No Future in Wildlife Photography

I’ve got no future as a wildlife photographer. And I’m ok with that. I don't have the lenses, patience or the eye to spot the animals.

Don’t get me wrong, I like nature. I like visiting it, breathing in the clean air and admiring the beauty around me. When I travel I see the sights, go zip-lining, hiking, kayaking and other outdoor activities. I expected to do a lot of that in Costa Rica and was looking forward to it.

I was told Parque Nacional Manuel Antonio was one of the best wildlife parks in Costa Rica. Lucky for me, it is just an hour drive south of Playa Herradura. So I hired a taxi driver for the day, packed my camera equipment and headed out to the park in the early morning with thoughts of photographing green tree frogs, toucans, macaws and monkeys.

Costa Rica

See how these guys blend? No wonder I couldn't see them.

As we drove south, George (pronounced Hor-hey in these parts), my driver, pointed out things of interest including fields and fields of newly planted rice, just in time for the rainy season. Looking out at the country-side passing by I realized this country is so insanely green you can almost get eye fatigue looking at it. Every hue was represented from and almost fluorescent green to a deep forest green.

Costa Rica

The male iguana, in the foreground, is smaller and black.

When we arrived at the park the density of tourists when up exponentially. Playa Herradura was not very touristy at all so it was something that caught my attention. George decided to go with me so we started walking up the main trail thick with people.

There were two things I figured out right away. The first one was, no brightly colored birds. Not one. In fact, nothing was brightly colored unless you count the frogs that were the same bright green as the plants. It makes sense, most of these small animals depend on their ability to blend in for survival. So the ones who are still alive are exceptionally good at staying hidden.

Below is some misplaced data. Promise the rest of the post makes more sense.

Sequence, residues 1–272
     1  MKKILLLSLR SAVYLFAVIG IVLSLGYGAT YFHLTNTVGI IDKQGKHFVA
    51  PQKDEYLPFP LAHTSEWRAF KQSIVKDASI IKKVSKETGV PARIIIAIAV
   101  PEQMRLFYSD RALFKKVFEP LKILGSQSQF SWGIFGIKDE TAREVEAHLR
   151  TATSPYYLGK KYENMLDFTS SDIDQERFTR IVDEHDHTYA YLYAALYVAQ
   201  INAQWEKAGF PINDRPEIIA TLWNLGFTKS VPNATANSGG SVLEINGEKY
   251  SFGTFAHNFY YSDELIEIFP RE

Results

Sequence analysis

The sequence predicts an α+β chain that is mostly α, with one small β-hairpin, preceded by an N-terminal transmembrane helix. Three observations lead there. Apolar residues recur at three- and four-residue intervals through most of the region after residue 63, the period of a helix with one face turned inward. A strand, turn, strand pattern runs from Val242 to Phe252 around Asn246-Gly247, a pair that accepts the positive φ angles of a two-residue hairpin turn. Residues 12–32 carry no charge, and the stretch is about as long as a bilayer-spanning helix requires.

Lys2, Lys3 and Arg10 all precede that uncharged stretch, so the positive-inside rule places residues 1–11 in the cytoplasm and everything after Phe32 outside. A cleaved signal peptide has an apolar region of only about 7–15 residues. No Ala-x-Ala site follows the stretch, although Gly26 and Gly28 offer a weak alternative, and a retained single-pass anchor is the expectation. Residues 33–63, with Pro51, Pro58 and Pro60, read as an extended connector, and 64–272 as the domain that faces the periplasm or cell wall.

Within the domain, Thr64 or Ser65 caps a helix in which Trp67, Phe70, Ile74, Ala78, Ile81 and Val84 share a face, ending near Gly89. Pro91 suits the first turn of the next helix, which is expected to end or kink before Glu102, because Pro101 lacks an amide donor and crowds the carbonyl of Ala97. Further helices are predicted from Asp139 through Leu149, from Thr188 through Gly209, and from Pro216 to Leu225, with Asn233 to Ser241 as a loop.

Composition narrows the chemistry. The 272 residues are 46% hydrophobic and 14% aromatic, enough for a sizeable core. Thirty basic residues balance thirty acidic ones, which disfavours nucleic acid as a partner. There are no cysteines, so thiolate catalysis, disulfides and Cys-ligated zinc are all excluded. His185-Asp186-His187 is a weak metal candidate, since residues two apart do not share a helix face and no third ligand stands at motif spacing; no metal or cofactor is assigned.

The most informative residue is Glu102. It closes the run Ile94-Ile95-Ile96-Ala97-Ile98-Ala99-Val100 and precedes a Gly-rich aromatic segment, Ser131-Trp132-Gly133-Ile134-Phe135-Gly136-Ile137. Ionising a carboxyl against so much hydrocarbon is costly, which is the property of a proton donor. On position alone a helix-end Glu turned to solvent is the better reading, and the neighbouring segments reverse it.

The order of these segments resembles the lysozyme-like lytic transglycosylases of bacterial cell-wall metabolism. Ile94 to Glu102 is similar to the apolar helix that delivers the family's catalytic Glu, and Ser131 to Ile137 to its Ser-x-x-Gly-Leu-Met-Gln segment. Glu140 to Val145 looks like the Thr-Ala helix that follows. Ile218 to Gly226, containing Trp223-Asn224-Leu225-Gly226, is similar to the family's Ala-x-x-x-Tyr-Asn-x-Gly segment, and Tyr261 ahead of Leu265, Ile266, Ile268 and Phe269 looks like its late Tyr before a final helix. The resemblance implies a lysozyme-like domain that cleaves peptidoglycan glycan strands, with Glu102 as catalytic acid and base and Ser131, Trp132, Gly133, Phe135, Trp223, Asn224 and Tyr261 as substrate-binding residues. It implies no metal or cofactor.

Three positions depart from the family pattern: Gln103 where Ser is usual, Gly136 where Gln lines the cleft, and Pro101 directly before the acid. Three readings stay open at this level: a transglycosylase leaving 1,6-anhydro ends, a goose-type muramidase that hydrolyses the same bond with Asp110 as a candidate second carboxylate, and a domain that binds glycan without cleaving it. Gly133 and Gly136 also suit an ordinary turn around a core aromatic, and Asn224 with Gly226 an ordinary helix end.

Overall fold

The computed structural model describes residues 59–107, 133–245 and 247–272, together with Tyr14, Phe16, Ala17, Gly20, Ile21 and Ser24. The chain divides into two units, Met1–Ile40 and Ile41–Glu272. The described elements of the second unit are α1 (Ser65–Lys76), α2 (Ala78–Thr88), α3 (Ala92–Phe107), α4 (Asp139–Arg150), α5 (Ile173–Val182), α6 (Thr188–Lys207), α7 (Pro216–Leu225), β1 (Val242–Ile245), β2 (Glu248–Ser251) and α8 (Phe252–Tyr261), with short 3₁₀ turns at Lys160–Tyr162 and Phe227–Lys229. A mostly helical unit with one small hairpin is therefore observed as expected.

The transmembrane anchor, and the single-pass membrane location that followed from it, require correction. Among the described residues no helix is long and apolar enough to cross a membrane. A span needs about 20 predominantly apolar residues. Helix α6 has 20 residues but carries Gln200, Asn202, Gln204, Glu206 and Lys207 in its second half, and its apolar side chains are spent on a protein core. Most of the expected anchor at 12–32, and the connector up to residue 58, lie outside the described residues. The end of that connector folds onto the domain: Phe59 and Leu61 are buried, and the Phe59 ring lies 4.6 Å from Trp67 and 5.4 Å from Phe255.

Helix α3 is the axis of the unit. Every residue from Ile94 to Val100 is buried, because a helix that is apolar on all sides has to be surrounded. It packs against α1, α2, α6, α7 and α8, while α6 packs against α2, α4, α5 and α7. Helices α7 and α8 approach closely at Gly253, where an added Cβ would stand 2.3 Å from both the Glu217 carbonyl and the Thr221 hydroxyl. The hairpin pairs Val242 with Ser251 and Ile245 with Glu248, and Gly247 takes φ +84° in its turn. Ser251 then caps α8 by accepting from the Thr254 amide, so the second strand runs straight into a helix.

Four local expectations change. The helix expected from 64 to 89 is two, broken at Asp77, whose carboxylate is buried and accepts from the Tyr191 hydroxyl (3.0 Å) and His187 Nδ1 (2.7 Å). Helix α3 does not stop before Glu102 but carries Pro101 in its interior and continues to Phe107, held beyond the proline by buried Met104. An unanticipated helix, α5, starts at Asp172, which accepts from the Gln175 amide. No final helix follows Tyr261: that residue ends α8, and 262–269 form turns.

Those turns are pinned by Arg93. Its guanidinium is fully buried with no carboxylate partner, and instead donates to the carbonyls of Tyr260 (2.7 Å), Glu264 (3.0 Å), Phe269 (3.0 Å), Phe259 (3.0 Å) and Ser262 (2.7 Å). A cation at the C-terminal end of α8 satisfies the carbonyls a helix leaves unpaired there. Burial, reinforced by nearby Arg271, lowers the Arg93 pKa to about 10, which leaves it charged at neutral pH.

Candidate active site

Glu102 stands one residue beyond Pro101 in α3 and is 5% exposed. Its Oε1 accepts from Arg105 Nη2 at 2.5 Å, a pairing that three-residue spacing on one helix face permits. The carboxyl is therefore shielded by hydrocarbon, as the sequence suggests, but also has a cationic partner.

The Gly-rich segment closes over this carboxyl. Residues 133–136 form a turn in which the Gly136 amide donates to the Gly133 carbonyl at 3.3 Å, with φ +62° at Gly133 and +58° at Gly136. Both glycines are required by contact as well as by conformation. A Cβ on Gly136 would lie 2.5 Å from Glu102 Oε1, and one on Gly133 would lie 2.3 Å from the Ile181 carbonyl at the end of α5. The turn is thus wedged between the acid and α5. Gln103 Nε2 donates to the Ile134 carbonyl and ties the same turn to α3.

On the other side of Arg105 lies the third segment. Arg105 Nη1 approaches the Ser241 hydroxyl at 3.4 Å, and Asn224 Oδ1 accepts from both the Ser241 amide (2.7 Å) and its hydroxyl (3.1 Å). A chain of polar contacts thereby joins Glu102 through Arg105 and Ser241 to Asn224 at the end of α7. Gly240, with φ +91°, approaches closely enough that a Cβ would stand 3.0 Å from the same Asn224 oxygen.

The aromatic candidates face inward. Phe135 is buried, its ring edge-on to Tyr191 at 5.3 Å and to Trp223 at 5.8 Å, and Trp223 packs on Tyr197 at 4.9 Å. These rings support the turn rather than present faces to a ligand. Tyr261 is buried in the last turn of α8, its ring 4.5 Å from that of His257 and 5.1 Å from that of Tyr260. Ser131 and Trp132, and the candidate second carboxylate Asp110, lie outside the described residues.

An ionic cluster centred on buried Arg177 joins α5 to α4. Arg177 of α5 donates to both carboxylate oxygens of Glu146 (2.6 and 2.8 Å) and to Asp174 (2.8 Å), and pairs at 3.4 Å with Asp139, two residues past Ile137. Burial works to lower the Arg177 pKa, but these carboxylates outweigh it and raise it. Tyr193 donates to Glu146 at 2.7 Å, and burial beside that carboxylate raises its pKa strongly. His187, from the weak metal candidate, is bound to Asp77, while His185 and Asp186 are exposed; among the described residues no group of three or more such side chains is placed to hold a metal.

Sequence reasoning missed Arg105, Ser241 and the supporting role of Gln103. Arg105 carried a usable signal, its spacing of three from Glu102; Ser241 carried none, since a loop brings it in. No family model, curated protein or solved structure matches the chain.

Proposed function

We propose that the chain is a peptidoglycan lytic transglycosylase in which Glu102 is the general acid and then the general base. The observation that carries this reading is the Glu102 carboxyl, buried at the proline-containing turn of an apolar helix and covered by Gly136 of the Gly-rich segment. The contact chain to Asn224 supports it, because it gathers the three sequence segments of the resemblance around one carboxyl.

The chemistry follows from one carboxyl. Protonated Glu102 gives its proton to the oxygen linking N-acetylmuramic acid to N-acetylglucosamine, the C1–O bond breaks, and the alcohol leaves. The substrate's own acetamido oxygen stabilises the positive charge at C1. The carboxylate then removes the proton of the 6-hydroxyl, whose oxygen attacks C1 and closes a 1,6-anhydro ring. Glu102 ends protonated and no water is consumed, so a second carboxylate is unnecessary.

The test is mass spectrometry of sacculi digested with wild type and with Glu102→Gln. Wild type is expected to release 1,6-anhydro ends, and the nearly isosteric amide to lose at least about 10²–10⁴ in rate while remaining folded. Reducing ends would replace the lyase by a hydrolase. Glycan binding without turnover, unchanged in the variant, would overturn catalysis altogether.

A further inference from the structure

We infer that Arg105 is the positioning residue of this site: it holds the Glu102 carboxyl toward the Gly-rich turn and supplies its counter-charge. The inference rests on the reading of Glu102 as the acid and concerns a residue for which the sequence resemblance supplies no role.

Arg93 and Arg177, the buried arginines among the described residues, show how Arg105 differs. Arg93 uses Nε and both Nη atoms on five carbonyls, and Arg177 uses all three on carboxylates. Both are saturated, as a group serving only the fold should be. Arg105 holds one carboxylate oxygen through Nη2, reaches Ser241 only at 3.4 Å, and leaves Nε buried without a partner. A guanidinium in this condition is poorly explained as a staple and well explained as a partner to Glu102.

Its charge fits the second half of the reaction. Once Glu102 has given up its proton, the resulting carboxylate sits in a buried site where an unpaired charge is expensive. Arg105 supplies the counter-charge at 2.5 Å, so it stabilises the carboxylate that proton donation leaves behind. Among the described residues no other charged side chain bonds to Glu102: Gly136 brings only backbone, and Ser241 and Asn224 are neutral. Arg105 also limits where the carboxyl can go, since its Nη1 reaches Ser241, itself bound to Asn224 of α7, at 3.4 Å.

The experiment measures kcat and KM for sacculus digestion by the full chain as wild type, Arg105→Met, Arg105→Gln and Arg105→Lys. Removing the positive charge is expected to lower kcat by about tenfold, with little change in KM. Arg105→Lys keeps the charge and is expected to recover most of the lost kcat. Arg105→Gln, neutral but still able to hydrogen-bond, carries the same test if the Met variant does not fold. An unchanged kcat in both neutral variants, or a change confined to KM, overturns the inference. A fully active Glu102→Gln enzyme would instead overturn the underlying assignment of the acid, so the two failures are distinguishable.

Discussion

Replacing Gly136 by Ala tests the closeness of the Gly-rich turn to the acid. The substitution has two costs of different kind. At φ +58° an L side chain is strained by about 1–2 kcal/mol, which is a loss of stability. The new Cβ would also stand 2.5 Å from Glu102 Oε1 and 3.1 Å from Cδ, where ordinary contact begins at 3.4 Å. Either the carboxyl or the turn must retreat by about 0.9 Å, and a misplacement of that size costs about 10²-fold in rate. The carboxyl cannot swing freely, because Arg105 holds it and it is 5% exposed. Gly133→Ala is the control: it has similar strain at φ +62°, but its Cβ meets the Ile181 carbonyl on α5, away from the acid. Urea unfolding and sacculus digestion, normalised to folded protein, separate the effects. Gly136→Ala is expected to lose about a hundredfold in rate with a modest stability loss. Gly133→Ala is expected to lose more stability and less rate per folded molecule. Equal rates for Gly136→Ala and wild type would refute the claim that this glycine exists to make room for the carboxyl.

Costa Rica

The slow climb of a three-toed sloth.

The second was the realization of why wildlife photographers talk about 400 and 500mm lenses. I brought my 80-200mm Zeiss lens with the adapter for my Canon. Even at 200mm most of the things I saw in trees were too high up to even come close to filling the frame. The lens is full manual and, without a proper focusing screen, next to impossible to get in focus. I jacked up the ISO and set the f-stop to 16 to increase my chances of getting something in focus.

Costa RIca

The raccoon-like mapache.

On the main path I saw a frog, ‘zebra’ grasshoppers and a three-toed sloth climbing very high in a tree. I wanted to see more and thought if we found a less traveled trail more animals would be visible. We found a small trail and followed it up the mountain. Immediately, there was another sloth lower on a tree. I came across several different types of lizards along the trail and a cross-trail cut by carpenter ants, which was surprisingly wide and completely cleared.

Costa Rica

Carpenter ants on the march.

Further up we heard the call of a howler monkey. It sounded more like a coughing bark than a howl but it was pretty loud. We tried to catch sight of it through the dense foliage and canopy but could see it. We went further up the trail and saw it through a small hole in the canopy. I tried to get a good shot of it but would have had better luck with a 500mm lens.

Costa Rica

This was shot with a 200mm lens, you can see how the howler monkey looked like a black spot.

We found another trail and followed in down to the first of three white-sand beaches the park is famous for. After hanging out in the shade for a little while enjoying the cool breeze, I decided to check out the water. It was bathwater warm.

Costa Rica

One of the three beautiful beaches at the park.

On the way out of the park I spotted some raccoon-looking animals and a few iguanas. A couple of the iguanas were pretty big. I was told they were the females. So, no bright birds but plenty of lizards.

Costa Rica

The restaurant was built around this C-130. The bar is inside the plane.

On the way back we stopped at a restaurant that was made from an old military C-130 airplane. George said it was too expensive and took me to a place where the locals go for grilled chicken, rice and beans. Just my style.


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